6.4. Requirements for RAW

  • Time sensitive networking extensions: extensions, such as time-aware shaping and redundancy can be explored to address congestion and reliability problems present in wireless networks. As an example, in haptics it is very important to minimize latency failures.
  • Priority tagging (Stream identification): one basic requirement to provide better QoS for time-sensitive traffic is the capability to identify and differentiate time-sensitive packets from other (like best-effort) traffic.
  • Time-aware shaping: this capability (defined in IEEE 802.1Qbv) consists of gates to control the opening/closing of queues that share a common egress port within an Ethernet switch. A scheduler defines the times when each queue opens or close, therefore eliminating congestion and ensuring that frames are delivered within the expected latency bounds. Note though, that while this requirement needs to be signalled by RAW mechanisms, it would be actually served by the lower layer.
  • Dual/multiple link: due to the fact that competitions and interference are common and hardly in control under wireless network, to improve the latency stability, dual/multiple link proposal is brought up to address this issue.
  • Admission Control: congestion is a major cause of high/variable latency and it is well known that if the traffic load exceeds the capability of the link, QoS will be degraded. QoS degradation may be acceptable for many applications today, however emerging time-sensitive applications are highly susceptible to increased latency and jitter. To better control QoS, it is important to control access to the network resources.

6.4.1. Non-latency critical considerations

Depending on the actual scenario, and on use of Internet to interconnect different users, the communication requirements of this use-case might be considered as latency critical due to the need of bounded latency. But note that in most of these scenarios, part of the communication path is not wireless and DetNet mechanisms cannot be applied easily (e.g., when the public Internet is involved), and therefore in these cases, reliability is the critical requirement.

7. Unmanned Aerial Vehicles and Vehicle-to-Vehicle platooning and control

7.1. Use-Case Description

Unmanned Aerial Vehicles (UAVs) are becoming very popular for many different applications, including military and civil use-cases. The term drone is commonly used to refer to a UAV.

UAVs can be used to perform aerial surveillance activities, traffic monitoring (i.e., the Spanish traffic control has recently introduced a fleet of drones for quicker reactions upon traffic congestion related events [DGT2021]), support of emergency situations, and even transportation of small goods (e.g., medicine in rural areas). Note that the surveillance and monitoring application would have to comply with local regulations regarding location privacy of users. Different considerations have to be applied when surveillance is performed for traffic rules enforcement (e.g., generating fines) as compared to when traffic load is being monitored.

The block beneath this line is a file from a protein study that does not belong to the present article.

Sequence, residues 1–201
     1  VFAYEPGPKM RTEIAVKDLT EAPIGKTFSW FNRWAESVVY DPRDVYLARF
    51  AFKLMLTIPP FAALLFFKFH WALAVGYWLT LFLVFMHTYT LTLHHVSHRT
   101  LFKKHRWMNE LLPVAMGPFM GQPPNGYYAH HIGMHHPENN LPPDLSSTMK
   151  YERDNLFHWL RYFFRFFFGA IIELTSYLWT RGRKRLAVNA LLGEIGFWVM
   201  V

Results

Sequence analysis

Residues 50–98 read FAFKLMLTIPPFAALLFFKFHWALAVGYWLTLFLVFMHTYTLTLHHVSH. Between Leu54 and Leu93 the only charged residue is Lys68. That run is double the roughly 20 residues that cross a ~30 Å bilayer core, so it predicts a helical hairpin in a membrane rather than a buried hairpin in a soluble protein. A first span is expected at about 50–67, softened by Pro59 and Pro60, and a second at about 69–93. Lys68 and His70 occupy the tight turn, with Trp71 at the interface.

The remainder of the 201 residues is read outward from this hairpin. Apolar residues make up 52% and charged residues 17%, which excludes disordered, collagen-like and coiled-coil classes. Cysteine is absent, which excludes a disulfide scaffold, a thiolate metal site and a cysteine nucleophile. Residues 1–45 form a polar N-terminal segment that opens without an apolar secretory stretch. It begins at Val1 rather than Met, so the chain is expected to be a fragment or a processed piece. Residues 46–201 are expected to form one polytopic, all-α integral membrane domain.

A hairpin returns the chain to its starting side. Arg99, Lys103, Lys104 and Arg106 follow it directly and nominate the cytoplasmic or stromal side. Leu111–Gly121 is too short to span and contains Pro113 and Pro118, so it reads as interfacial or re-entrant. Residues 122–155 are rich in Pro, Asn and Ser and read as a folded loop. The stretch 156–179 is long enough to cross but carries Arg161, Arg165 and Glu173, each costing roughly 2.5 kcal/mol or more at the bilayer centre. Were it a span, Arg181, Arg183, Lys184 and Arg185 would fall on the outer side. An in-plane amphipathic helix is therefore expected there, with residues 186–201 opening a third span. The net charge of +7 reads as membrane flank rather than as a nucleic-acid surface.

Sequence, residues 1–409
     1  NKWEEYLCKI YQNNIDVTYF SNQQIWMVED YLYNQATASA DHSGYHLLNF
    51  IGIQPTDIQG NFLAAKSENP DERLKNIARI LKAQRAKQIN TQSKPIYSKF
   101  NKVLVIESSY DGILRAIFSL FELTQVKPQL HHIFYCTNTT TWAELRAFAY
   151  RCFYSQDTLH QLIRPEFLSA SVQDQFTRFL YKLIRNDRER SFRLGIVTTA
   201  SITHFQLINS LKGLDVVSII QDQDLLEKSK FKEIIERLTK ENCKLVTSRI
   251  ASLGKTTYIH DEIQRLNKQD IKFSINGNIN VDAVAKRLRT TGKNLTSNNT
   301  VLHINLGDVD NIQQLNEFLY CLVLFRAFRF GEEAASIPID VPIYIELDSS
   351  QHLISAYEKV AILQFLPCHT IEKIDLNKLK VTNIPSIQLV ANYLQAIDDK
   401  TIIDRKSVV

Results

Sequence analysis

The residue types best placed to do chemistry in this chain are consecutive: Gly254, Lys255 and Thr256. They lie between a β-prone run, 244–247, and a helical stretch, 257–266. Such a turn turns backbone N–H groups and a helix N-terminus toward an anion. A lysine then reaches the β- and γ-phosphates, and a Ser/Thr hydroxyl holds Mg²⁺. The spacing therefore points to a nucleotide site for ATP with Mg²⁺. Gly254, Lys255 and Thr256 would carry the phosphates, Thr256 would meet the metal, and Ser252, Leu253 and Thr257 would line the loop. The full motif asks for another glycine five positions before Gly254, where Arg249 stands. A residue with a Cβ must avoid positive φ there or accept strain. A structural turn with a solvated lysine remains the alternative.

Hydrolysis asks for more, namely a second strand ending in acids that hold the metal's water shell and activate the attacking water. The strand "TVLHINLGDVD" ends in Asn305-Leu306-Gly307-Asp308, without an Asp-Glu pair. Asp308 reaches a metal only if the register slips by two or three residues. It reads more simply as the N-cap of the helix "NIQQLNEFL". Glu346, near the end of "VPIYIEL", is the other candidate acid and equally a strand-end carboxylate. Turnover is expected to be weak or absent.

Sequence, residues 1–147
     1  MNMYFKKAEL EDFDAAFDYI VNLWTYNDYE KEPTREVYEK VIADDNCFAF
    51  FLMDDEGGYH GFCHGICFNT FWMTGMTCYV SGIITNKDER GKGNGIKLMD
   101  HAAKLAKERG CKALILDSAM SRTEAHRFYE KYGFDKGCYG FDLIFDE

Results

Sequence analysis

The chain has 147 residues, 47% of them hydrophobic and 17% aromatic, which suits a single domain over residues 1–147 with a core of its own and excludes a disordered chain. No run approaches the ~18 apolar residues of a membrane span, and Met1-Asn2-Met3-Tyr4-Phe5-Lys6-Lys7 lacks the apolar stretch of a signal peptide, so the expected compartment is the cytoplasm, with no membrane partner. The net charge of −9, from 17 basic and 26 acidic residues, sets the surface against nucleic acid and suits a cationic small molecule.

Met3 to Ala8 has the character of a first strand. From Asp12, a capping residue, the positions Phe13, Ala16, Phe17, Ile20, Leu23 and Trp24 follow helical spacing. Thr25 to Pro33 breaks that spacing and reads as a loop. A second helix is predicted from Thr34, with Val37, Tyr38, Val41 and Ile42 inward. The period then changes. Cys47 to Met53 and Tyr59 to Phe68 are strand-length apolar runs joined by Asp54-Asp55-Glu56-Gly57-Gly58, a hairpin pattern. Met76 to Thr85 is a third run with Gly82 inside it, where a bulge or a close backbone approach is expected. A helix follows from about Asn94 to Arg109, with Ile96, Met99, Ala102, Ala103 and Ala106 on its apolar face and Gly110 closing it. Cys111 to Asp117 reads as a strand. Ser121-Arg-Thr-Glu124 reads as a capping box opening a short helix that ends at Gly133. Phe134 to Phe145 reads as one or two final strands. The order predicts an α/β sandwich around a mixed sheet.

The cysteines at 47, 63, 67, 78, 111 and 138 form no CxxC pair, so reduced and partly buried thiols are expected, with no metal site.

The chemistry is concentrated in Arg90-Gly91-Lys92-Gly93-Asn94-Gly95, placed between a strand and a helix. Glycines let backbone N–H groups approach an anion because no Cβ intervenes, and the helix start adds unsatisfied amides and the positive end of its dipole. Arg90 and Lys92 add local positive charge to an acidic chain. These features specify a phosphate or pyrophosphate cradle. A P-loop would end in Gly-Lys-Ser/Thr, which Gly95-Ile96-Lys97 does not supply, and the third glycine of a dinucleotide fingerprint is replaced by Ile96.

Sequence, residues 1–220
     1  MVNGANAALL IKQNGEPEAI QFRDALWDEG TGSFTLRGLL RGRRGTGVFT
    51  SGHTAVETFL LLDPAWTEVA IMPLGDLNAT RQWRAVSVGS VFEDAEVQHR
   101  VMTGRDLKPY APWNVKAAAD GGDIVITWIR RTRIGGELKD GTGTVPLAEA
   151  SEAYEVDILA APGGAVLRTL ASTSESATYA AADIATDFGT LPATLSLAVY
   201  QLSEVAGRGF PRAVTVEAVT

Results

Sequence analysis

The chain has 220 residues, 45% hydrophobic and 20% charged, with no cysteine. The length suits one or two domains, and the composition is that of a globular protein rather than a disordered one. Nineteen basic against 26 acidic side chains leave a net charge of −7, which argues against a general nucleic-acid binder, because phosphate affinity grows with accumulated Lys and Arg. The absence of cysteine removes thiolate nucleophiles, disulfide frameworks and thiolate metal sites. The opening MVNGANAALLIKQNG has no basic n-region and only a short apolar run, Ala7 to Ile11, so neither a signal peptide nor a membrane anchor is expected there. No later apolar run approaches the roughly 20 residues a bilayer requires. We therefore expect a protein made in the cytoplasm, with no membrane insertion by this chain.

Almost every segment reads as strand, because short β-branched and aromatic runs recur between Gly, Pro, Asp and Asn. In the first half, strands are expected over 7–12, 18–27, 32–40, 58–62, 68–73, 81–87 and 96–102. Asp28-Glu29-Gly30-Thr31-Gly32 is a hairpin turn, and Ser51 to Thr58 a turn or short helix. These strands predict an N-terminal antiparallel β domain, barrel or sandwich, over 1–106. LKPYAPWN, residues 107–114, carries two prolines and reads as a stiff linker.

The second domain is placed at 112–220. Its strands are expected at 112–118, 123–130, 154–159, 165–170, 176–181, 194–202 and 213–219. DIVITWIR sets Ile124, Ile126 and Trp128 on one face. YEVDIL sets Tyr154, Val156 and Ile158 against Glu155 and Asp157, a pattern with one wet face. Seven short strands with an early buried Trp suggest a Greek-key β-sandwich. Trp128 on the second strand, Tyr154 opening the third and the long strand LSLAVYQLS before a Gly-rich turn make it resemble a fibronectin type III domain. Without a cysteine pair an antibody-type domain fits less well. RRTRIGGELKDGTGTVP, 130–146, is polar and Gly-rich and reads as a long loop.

Many types of vehicles, including UAVs but also others, such as cars, can travel in platoons, driving together with shorter distances between vehicles to increase efficiency. Platooning imposes certain vehicle-to-vehicle considerations, most of these are applicable to both UAVs and other vehicle types.

UAVs/vehicles typically have various forms of wireless connectivity:

  • Cellular: for communication with the control center, for remote maneuvering as well as monitoring of the drone;
  • IEEE 802.11: for inter-drone communications (i.e., platooning) and providing connectivity to other devices (i.e., acting as Access Point).

Note that autonomous cars share many of the characteristics of the aforemention UAV case, and therefore it is of interest for RAW.

7.2. Specifics

Some of the use-cases/tasks involving UAVs require coordination among UAVs. Others involve complex compute tasks that might not be performed using the limited computing resources that a drone typically has. These two aspects require continuous connectivity with the control center and among UAVs.